Punctuation Exchange Program
Pistons pick Singler to play in Spain (AP)
Pistons’ pick Singler to play in Spain (AP)
The AP has done it again.
Now, don’t get me wrong; I’m as big a fan of the Associated Press as anyone. But when grammatical errors (or typos, perhaps [to be fair]) derail a perfectly good headline, changes need to be made, says I. Drastic changes. Changes that could, say, lead to the hiring of a heretofore unknown blogger as headline editor…?
Okay, maybe not. But let’s take a look at the problem sentence.
I will admit that I get most of my news from My Yahoo! (or most of the news that hasn’t been filtered through the people I follow on Twitter, or my friends on Facebook). For me, it’s certainly the first place I go for NBA news. So imagine my surprise when I open up my page and see this headline:
“Why would the Pistons send a rookie to play in Spain?!” I thought. But then, taken aback by my own thought, I thought anew, “Wait… Why would the Pistons be sending any players to play in Spain? Is there some sort of international tournament where each NBA team sends a single player? No, that’s stupid. Is there some sort of exchange program going on? No, that’s even stupider.” Finally, curious and out of ideas, I clicked on the article and read it, and figured it all out.
At the time, the NBA had locked out its players, and many players—rookies included—were seeking employment overseas. When the lockout ended, most came back. Pistons’ rookie Kyle Singler, though, did not, electing to remain in Spain, where he had played during the lockout. So what the headline was actually saying was that the player that the Pistons had selected early in the second round of the 2011 NBA Draft was going to play in Spain, rather than the NBA.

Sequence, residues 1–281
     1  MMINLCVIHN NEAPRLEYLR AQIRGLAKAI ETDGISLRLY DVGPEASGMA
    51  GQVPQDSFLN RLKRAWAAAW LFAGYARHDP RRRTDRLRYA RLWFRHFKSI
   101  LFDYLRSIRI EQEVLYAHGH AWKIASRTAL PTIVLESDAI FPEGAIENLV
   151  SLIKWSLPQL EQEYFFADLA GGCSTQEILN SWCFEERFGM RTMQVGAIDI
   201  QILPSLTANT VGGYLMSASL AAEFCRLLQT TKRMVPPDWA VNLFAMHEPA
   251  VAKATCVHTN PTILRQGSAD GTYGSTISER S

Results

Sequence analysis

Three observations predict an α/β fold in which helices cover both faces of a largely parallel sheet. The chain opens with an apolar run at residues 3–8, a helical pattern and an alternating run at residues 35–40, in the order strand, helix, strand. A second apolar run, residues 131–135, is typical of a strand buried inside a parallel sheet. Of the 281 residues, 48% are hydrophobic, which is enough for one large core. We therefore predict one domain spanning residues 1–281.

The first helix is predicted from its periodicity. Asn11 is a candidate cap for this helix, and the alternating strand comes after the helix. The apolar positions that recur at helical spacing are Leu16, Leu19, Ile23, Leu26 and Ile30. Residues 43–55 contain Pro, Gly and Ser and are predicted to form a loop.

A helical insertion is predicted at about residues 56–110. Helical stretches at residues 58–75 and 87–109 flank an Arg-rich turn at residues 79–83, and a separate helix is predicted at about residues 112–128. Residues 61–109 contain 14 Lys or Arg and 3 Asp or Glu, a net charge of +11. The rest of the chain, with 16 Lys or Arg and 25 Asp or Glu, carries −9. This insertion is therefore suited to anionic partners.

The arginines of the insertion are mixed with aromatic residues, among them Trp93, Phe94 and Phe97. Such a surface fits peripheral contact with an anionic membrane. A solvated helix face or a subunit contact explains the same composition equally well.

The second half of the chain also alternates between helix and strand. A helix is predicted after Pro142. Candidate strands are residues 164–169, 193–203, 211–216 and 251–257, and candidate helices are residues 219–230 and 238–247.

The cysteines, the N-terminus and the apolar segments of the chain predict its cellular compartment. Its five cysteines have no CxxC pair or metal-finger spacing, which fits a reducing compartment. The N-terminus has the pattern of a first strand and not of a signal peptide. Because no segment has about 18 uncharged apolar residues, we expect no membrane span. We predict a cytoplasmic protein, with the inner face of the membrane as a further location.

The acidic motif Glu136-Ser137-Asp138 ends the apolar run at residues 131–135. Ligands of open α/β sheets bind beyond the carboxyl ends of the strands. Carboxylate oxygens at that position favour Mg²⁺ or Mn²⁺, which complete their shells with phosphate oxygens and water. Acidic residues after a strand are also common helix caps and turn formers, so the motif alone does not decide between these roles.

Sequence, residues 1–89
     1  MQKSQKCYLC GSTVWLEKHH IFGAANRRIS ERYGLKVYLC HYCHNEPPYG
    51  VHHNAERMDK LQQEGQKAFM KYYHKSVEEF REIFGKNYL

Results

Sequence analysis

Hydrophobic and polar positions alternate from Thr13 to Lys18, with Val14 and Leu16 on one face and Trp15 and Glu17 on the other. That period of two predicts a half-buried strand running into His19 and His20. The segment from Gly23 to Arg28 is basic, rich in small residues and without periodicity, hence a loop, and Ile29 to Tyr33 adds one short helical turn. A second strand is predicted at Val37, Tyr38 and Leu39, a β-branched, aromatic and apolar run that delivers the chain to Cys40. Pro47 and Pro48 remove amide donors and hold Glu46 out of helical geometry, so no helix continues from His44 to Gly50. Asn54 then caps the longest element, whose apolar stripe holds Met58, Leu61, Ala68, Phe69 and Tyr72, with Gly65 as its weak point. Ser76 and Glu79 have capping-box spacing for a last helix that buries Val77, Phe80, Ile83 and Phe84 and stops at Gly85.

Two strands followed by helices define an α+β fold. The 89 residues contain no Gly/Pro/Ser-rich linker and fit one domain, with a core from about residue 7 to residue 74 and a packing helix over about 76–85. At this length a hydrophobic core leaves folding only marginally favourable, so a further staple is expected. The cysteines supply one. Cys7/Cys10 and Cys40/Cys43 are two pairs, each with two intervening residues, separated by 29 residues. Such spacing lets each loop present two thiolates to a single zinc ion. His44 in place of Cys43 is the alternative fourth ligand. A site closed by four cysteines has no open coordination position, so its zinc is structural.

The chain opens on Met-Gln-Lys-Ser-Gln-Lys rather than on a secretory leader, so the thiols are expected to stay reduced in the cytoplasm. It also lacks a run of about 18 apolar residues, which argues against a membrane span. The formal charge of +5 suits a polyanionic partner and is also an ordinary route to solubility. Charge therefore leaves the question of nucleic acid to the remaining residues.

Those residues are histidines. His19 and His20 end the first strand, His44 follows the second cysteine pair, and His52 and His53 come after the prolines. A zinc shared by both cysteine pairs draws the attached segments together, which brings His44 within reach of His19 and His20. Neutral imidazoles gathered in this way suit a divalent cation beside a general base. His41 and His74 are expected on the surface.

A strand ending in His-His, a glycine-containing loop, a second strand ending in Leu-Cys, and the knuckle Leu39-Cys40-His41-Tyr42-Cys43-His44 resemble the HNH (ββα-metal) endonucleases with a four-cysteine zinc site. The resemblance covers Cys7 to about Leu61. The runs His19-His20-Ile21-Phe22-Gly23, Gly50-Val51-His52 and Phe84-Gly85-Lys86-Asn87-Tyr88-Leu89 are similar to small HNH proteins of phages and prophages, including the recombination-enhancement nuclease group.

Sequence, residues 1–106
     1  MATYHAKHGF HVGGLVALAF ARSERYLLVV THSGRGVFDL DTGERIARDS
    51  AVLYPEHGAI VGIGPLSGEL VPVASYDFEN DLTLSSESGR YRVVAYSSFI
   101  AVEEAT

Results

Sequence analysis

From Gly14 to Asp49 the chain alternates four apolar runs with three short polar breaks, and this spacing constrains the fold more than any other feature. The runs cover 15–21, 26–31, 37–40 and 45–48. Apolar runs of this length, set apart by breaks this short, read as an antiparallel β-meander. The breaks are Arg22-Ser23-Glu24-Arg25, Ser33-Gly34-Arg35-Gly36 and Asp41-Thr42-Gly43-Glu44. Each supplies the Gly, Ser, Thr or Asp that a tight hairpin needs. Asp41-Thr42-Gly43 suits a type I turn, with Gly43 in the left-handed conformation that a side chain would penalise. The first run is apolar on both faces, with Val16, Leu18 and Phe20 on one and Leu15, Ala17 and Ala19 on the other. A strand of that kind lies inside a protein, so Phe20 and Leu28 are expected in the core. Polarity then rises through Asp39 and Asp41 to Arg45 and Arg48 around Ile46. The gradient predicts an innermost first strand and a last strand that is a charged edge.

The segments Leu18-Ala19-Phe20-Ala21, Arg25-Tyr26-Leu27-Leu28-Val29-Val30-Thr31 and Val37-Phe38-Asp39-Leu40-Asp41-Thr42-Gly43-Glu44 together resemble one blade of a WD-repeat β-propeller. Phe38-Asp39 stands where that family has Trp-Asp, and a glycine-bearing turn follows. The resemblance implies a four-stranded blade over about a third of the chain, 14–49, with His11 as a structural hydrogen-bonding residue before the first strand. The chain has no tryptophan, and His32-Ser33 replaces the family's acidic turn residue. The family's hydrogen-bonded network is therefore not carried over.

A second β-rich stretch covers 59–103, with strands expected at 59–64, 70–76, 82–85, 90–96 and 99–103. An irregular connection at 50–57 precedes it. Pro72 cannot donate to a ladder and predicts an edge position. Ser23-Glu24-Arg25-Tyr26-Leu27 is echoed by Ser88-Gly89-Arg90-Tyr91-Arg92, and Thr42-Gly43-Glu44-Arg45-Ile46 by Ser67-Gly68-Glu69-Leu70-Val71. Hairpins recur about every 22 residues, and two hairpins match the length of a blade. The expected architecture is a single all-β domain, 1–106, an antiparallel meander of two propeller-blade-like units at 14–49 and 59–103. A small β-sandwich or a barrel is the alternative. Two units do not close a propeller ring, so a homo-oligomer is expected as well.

Now, I may be a curmudgeon, but the interpretation I described above was my very first interpretation that popped into my head after I’d read the headline, and it gave rise to confusion. I didn’t go looking for this fight: It found me!
Since the actual meaning is recoverable, though (after all, both sentences sound the same), one might wonder, what’s the big deal? Why do we need an apostrophe there? Well, actually, we don’t need an apostrophe there. But, at the same time, there must be an apostrophe there. Let me explain.
In English, there’s no phonological difference between “Pistons pick Singler” and “Pistons’ pick Singler”. In English orthography, though, we have a convention of placing an apostrophe after a plural noun to indicate that it possesses the next noun—and even though we can get by without it (and many do), it’s a fairly well-known convention. Because of that, its absence may give rise to ambiguity in an otherwise unambiguous sentence. That is, the very fact that it can be there means that if it’s not there when it “should” be, its absence could very well cause our brains to explode.
We wouldn’t have this problem if we did like German does (for the most part) and got rid of our lousy apostrophes. Consider the following comparison between German and English:
- Peters Auto “Peter’s car”
Look at that! Possession without an apostrophe. Why do we even need the apostrophe in “Peter’s car”?! “Peters car” is just fine!
Alas… I fear we’re stuck with our apostrophes, be they genitive, contractive, or distractive. So keep using them, whether you like them or not. It will help those of us who continue to misread headlines that should be interpretable with or without a correctly-placed apostrophe.
On the other hand, if you want to make sure I actually click on a link…